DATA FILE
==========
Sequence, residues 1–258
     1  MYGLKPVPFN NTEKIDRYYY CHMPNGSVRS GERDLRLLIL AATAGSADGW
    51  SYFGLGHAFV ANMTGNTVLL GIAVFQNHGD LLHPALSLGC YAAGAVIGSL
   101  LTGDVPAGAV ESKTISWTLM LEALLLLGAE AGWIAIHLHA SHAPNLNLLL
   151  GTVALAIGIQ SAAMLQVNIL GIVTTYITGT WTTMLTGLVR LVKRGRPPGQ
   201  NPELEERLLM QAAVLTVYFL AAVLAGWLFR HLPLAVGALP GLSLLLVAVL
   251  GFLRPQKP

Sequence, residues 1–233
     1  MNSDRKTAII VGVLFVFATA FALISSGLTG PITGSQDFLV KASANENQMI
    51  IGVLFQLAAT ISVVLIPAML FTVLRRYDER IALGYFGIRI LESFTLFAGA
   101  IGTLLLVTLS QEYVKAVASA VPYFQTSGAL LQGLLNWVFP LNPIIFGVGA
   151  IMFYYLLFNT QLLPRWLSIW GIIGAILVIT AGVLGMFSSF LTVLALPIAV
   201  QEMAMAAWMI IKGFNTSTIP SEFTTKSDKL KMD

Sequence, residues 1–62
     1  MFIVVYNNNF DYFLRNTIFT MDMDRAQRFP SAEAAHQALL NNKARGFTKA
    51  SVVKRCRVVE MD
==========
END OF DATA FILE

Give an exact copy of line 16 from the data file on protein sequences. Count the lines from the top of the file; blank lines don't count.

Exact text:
    51  SVVKRCRVVE MD